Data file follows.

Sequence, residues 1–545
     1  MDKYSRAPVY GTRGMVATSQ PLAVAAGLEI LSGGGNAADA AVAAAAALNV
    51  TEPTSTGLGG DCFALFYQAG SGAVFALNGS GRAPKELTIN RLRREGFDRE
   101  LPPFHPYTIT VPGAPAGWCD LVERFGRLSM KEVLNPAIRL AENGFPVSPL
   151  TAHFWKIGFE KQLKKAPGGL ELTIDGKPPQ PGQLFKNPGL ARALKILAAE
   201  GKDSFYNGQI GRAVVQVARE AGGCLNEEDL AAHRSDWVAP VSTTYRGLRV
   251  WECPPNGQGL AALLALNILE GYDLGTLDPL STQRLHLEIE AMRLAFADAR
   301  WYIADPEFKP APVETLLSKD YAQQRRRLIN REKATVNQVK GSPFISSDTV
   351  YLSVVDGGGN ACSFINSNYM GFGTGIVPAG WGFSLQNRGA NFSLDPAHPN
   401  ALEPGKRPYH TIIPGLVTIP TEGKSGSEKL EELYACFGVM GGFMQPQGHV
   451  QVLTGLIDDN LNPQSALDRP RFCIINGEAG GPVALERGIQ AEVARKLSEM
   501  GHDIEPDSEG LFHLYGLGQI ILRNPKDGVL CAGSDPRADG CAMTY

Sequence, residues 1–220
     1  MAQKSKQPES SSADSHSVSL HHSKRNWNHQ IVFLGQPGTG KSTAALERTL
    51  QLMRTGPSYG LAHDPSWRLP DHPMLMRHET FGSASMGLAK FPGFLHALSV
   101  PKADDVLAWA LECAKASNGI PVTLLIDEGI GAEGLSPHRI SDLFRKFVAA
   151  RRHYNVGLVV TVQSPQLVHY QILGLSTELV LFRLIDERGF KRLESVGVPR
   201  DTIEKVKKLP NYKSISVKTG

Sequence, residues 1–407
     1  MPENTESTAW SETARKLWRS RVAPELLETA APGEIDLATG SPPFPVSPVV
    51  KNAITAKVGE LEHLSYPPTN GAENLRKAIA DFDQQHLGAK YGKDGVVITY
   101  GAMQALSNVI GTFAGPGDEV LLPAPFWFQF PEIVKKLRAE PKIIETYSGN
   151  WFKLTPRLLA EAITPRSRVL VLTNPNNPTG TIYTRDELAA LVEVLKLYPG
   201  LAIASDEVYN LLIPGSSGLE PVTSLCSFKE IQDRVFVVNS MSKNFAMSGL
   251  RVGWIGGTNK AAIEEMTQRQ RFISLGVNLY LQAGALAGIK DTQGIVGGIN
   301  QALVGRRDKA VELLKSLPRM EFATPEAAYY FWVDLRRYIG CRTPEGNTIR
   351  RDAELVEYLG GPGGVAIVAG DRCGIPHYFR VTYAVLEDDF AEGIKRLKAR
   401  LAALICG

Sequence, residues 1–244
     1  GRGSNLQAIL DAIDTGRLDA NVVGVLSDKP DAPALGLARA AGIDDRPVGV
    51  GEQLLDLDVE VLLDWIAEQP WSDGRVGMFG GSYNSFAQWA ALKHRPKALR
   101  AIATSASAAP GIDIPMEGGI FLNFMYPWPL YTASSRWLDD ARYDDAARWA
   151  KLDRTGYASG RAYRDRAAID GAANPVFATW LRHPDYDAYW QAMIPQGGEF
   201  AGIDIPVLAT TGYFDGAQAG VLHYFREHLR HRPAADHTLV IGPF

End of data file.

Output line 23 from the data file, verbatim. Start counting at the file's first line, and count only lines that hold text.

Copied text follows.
   151  WFKLTPRLLA EAITPRSRVL VLTNPNNPTG TIYTRDELAA LVEVLKLYPG